|Uranium-235||Lead-207||704 million years|
|Thorium-232||Lead-208||14.0 billion years|
|Rubidium-87||Strontium-87||48.8 billion years|
|Potassium-40||Argon-40||1.25 billion years|
|Samarium-147||Neodymium-143||106 billion years|
Uranium-lead is one of the oldest and most refined radiometric dating schemes, with a routine age range of about 1 million years to over 4.5 billion years, and with routine precisions in the 0.1-1 percent range.
The generation of electricity from a fusion reactor has been the subject of intense study and debate for nearly half a century. Most proposals for fusion power plants involve using a fusion reaction to generate heat, which is then used to operate a steam turbine, similar to fission-driven nuclear power plants as well as fossil fuel-driven power plants.
The most promising technology is based on fusing deuterium and tritium. Deuterium is an abundant, naturally occurring isotope of hydrogen. The tritium is produced from the breeding of lithium. The deuterium-tritium mixture is placed in a reactor chamber and there ionized and heated to thermonuclear temperatures. The fuel is held away from the chamber walls by magnetic forces, and the fusion process generates neutrons. The neutrons' energy of motion is given up through many collisions with lithium nuclei, thus creating heat that is removed by a heat exchanger which conveys it to a conventional steam electric plant.
There have been enormous strides in understanding the basic physics and engineering behind a fusion power plant. However, the enormous challenge of producing and maintaining temperatures of 10 million degrees C in the reactor has not been fully overcome. As a result, it is unlikely that fusion will be a commercial source of electricity in for the foreseeable future.
Fission and fusion also are the basis for nuclear weapons, which are the most powerful weapons that humans have every developed and used. There are two types of nuclear weapons. In fission weapons, a mass of enriched uranium or plutonium is configured into a supercritical mass that releases enormous energy when detonated. These are known as atomic bombs, A-bombs, or fission bombs, and were the type of weapon that the U.S. used against Japan in World War II.
The second type of nuclear weapon produces a tremendous amount of its energy through nuclear fusion reactions. These are known as hydrogen bombs, H-bombs, thermonuclear bombs, or fusion bombs. Hydrogen bombs work by using the energy released by a fission bomb to compress and heat fusion fuel. Such weapons can be up to a thousand times more powerful than fission bombs Six nations countries have detonated hydrogen bombs: United States, Russia, United Kingdom, People's Republic of China, France, and India.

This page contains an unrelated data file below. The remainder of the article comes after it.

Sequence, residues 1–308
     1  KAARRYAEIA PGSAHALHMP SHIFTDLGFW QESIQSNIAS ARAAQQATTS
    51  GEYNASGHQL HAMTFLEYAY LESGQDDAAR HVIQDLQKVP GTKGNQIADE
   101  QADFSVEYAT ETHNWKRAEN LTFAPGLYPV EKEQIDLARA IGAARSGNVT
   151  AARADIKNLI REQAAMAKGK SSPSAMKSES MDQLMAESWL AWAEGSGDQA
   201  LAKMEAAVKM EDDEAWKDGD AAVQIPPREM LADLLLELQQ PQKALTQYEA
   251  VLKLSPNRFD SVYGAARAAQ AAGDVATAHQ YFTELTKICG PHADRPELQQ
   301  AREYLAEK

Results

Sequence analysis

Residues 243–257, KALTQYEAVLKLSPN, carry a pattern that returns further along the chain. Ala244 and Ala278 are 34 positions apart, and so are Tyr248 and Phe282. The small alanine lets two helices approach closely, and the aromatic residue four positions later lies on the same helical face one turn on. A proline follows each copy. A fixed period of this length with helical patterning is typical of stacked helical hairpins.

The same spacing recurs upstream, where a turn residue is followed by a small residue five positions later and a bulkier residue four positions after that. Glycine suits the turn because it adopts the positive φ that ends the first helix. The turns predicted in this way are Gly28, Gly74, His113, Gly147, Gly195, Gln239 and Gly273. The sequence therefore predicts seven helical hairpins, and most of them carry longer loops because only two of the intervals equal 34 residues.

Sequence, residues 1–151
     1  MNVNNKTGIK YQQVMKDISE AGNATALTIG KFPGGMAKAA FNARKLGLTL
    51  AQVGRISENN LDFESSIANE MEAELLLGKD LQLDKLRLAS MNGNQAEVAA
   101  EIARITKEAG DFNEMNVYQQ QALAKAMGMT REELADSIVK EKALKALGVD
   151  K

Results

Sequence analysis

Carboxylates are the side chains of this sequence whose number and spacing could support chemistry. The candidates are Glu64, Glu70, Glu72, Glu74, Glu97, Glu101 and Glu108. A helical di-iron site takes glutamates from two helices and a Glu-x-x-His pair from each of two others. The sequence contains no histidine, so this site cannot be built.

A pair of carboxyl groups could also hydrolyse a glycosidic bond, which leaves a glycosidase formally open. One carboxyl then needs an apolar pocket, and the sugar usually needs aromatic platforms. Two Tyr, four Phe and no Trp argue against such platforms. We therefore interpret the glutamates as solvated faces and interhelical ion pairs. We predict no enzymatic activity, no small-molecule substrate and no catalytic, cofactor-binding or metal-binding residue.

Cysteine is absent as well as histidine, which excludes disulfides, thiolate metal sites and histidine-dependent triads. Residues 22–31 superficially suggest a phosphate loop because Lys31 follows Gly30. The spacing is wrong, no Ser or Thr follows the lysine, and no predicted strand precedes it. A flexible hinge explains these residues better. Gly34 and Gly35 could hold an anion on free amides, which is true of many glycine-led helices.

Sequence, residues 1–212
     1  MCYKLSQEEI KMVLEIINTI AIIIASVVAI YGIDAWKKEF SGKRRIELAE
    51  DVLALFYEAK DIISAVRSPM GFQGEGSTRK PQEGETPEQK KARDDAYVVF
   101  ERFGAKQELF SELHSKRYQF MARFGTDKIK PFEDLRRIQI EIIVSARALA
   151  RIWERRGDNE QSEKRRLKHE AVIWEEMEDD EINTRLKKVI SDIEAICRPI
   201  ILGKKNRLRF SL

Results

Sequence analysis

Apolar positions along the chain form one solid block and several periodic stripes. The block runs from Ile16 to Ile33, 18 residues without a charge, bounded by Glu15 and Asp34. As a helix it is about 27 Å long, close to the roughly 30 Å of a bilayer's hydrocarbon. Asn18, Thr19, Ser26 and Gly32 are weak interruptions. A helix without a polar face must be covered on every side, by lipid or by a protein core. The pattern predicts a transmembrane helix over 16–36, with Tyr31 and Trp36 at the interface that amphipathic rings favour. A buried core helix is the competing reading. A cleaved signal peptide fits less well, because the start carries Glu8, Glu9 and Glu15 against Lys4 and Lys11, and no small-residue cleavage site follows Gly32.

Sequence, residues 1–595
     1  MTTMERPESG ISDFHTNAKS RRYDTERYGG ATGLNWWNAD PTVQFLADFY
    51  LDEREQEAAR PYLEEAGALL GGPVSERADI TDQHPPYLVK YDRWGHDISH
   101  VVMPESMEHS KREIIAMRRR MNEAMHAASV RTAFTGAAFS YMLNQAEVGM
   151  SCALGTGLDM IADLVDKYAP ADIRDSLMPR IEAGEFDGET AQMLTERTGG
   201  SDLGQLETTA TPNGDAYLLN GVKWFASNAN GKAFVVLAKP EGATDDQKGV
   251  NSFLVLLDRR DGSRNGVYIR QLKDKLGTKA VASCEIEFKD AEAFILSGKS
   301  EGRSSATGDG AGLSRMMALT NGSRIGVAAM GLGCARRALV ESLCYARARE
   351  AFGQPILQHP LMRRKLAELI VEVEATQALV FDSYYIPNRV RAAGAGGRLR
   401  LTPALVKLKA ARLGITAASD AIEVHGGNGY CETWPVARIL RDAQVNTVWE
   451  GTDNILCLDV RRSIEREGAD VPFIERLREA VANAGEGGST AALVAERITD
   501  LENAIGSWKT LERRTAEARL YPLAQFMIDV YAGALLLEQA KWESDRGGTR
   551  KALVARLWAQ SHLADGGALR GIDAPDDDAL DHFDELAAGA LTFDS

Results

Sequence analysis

The basic discovery and chemical proof of Otto Hahn and Fritz Strassmann that an isotope of barium was produced by neutron bombardment of uranium was published in 1939 in a paper in Germany in the Journal Naturwissenschaften, and earned Hahn a Nobel Prize. Shortly after, their Austrian co-worker Lise Meitner (a political refugee in Sweden at the time) and her nephew Otto Robert Frisch correctly interpreted the results as the splitting of the uranium nucleus after the absorption of a neutron-nuclear fission-that released a large amount of energy and additional neutrons. A direct experimental evidence of the nuclear fission was performed by Frisch.
The idea that nuclear fusion might explain stellar energy release goes back at least seventy years, to the writings of the American physicist William Draper Harkins (1873-1951), the Dutch physicists R. d'E. Atkinson and F. G. Houtermans, and the French physicist Jean Baptiste Perrin. Atkinson and Houtermans used the measured masses of low mass elements and applied Einstein's discovery that E=mc2 to predict that large amounts of energy could be released by fusing small nuclei together.
German physicist Hans Bethe presented the clearest development of this idea in about 1938. Bethe worked out a series of reactions by which six hydrogen nuclei might combine to form a single helium nucleus, with the release of two extra hydrogen nuclei. The production of two hydrogen nuclei in the reaction make it possible for a second fusion reaction to begin. The Bethe cycle, then, is a chain reaction that, once initiated, can proceed on its own as long as sufficient raw material (hydrogen) is available. Bethe will win the 1967 Nobel Prize in physics "for his contributions to the theory of nuclear reactions, especially his discoveries concerning the energy production in stars."
- NASA Jet Propulsion Laboratory
- Bookrags: Nuclear Fusion
- Ogilivie, Michael, Lecture Notes for Physics 171A: Physics and Society, Washington University, Accessed 12 April 2008.
- Wikipedia contributors, Nuclear fission, Wikipedia The Free Encyclopedia, Accessed 28 December 2007.
- Nave, Carl R., Nuclear fission, Hyperphysics, Accessed 28 December 2007.